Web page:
Saturday, October 31, 2020

IMF worried high food prices will hurt the poor

The International Monetary Fund says food crisis will be a double edged sword that countries like Botswana might use to their advantage while the prolonged period of higher prices will have a devastating impact on poor people.

Naoyuki Shinohara, IMF Deputy Managing Director, said in a paper this week that spike in food prices will simultaneously impact on economic rebound as public finances could be diverted towards subsidies.

“The food price increases, particularly if sustained, will disproportionately hurt the poor and can have long-lasting effects,” argued Shinohara.

“However, elevated food prices can also offer opportunities for many sub-Saharan African countries to adopt policies to stimulate their agricultural sectors.”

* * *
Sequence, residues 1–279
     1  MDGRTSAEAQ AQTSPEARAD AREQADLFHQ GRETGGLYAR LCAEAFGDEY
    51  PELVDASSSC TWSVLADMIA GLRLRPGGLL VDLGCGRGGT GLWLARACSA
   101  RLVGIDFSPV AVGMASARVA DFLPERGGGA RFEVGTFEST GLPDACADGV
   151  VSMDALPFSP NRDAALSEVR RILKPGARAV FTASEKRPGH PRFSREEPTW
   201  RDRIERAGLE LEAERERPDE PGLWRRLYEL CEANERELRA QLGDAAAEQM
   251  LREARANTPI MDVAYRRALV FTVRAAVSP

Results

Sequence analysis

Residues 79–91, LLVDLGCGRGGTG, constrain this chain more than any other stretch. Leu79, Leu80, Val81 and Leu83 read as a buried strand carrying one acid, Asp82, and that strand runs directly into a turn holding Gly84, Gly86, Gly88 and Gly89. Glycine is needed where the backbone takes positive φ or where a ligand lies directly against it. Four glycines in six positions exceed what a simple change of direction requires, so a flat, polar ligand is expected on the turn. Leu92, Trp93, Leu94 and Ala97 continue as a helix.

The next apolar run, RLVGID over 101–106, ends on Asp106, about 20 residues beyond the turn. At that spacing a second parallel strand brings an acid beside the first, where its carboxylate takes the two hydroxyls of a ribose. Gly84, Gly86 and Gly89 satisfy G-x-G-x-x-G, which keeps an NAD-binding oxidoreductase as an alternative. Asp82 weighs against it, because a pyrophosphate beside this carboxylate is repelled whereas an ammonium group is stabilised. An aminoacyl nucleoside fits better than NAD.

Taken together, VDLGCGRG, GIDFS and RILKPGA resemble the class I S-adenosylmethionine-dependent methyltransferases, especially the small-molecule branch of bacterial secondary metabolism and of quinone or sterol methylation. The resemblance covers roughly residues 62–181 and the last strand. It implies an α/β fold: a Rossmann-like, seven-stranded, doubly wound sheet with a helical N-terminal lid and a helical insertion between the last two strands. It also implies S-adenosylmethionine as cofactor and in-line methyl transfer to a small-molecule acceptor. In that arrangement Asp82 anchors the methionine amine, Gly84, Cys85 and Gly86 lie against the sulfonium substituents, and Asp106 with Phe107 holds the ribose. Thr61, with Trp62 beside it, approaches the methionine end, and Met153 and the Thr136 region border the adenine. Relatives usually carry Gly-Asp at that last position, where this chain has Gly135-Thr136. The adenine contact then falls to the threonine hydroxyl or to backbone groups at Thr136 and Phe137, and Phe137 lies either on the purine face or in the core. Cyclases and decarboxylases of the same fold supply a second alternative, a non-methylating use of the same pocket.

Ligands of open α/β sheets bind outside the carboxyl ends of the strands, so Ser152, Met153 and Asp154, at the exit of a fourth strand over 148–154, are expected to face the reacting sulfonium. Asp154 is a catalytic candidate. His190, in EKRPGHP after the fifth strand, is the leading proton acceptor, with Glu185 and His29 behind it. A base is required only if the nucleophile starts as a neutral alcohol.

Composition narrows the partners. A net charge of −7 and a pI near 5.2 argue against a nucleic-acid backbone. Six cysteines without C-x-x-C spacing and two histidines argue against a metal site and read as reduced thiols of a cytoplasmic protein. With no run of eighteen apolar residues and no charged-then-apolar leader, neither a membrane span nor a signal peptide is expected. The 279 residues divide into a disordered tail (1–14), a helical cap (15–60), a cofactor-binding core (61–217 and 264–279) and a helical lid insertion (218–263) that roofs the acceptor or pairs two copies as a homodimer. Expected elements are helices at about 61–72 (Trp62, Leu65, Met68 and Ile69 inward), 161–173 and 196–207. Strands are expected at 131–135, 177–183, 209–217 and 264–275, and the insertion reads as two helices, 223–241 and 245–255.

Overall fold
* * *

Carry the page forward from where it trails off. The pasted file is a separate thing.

He added that such rapid movements in key prices create big winners and losers in sub-Saharan Africa and complicate macroeconomic management.

Food prices have been rising owing largely to shortages because of floods that devastated the Sub Saharan region and spike in oil prices.

Botswana has a raft of policies, including NAMPAAD and other government subsidised arable schemes, that its people could use to their advantage and become self reliant in agriculture.

In terms of policy response, Shinohara said the first best policy response in these circumstances is to allow the pass through of international prices to domestic prices, and to provide targeted support to the most vulnerable groups.

He added that the support can be in the form of subsidies, income support, or direct provision of food items.

He, however, warned that, of course, in many countries in the region identifying the neediest can be quite challenging, even more so when it has to be done at such short notice.

“Where such identification is not possible, other, still targeted relief should be considered. This could include temporary lowering of import taxes on essential staple foods,” he said.

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